My friends, he cry'd (and cast a mournful look 85 Around the room, and sigh'd before he spoke :) Beneath the weight of threescore years I bend, And worn with cares, am halt’ning to my end ; How I have liv'd, alas ! you know too well, In worldly follies, which I blush to tell;



But gracious heav'n has ope'd my eyes at last,
With due regret I view my vices past,
And, as the precept of the Church decrees, .
Will take a wife, and live in holy ease.
But fince by counsel all things should be done, 95
And many heads are wiser still than one;
Chuse you for me, who best shall be content:
When my desire's approv'd by your consent..

One caution yet is needful to be cold,
To guide your choice; this wife must not be old : 109
There goes a saying, and 'twas threwdly said,
Old 5th at table, but young fleih in bed.
My soul abhors the tasteless, dry embrace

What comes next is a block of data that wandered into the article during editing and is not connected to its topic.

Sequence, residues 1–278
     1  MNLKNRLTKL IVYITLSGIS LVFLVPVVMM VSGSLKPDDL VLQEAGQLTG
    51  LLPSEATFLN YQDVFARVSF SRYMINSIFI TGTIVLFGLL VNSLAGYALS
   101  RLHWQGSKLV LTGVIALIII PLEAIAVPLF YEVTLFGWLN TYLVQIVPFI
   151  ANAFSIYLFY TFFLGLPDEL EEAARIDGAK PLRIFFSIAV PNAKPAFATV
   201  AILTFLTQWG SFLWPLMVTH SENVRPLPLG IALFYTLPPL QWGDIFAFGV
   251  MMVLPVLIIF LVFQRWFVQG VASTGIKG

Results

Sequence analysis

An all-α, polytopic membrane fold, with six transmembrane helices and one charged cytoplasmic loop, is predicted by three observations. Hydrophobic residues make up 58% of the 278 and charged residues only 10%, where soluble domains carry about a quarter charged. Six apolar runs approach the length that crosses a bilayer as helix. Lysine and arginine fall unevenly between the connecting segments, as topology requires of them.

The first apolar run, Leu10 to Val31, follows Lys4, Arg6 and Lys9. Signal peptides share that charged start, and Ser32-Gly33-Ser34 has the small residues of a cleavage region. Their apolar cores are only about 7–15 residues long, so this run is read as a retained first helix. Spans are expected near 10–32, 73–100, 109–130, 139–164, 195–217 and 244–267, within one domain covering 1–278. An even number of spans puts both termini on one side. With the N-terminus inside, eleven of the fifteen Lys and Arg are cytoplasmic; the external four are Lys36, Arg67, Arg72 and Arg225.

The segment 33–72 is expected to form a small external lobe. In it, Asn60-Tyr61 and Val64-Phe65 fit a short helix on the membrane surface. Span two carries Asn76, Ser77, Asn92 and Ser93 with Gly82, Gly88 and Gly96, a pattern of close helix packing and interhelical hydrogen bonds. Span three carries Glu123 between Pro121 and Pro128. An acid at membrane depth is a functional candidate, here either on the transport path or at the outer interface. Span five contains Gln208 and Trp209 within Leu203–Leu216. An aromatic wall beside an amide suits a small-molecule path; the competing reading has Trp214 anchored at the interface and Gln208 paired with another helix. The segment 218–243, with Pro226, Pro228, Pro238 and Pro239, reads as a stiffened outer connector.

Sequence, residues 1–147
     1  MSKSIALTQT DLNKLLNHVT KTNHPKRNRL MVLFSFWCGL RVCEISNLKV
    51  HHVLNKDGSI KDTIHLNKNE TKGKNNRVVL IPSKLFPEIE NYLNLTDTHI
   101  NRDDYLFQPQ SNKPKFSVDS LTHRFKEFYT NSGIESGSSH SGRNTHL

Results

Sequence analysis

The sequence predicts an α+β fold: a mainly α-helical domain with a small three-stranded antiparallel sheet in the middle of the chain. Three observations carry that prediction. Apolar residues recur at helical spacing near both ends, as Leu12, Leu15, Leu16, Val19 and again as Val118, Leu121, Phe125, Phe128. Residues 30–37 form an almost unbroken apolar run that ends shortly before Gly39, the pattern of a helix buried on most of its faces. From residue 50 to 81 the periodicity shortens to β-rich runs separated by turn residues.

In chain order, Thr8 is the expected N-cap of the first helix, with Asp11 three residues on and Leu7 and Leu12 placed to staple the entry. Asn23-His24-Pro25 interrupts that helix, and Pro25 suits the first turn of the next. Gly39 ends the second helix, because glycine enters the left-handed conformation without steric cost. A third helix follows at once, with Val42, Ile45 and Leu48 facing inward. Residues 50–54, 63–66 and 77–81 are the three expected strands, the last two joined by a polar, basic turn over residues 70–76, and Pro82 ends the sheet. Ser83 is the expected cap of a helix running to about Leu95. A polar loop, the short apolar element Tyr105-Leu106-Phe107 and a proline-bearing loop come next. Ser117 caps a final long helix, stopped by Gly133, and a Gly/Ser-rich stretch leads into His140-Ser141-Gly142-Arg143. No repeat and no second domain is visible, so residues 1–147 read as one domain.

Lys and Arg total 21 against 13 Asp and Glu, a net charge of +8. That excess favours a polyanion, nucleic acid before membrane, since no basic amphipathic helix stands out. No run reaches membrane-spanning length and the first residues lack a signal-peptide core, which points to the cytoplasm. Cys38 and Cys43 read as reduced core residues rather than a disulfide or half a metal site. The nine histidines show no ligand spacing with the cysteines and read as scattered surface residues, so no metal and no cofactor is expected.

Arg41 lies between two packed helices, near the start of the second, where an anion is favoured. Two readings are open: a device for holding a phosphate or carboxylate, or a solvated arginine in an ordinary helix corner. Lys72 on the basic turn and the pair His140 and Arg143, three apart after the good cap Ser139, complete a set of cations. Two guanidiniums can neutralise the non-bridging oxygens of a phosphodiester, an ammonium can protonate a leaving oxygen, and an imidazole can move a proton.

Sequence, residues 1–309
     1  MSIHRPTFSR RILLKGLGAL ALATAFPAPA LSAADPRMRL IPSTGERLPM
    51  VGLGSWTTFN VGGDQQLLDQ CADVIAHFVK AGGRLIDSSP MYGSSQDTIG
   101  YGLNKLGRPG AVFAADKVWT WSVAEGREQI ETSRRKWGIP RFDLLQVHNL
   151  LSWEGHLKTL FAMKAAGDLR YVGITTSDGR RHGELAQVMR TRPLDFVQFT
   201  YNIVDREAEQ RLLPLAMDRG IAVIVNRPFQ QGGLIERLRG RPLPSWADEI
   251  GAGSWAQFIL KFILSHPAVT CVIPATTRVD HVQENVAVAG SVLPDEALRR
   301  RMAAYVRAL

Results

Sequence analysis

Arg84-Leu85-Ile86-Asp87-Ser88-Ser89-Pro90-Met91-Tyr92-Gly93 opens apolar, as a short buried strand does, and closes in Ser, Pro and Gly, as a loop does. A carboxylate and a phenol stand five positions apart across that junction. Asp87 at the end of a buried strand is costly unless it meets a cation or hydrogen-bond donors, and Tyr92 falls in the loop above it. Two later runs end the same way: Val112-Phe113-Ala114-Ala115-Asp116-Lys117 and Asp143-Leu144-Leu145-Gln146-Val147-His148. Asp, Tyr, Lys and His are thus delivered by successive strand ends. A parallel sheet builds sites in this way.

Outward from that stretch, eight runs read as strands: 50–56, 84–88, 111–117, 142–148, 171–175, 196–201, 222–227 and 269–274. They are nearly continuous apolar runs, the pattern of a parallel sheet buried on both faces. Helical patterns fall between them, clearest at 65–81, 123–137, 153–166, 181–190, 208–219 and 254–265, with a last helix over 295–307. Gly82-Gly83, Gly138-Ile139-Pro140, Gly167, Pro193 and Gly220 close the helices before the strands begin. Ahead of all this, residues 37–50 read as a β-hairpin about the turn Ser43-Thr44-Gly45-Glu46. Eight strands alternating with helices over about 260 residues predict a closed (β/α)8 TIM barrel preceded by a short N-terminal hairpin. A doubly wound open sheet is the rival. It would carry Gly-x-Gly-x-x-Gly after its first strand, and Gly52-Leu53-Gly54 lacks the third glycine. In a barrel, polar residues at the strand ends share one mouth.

Of a stale virgin with a winter face:
In that cold season Love but treats his guest 105
With bean-ftraw, and tough forage at the best.
No crafty widows shall approach my bed ;
Those are too wise for batchelors to wed;
As subtle clerks by many schools are made,
Twice-marry'd dames are mistresses o'th? trade: ive.
But young and tender virgins, rul'd with ease,
We form like wax, and mold them as we please.

Conceive me, Sirs, nor take my sense amiss;
'Tis what concerns my soul's eternal bliss ;
Since if I found no pleasure in my spouse, 115
As flesh is frail, and who (God help me) knows?
Then should I live in leud adultery,
And fink downright to Satan when I die.

were I curs’d with an unfruitful bed,
The righteous end were loft, for which I wed;
To raise seed to bless the pow’rs above,
And not for pleasure only, or for love.
Think not I dot; 'tis time to take a wife,
When vig'rous blood forbids a chafter life: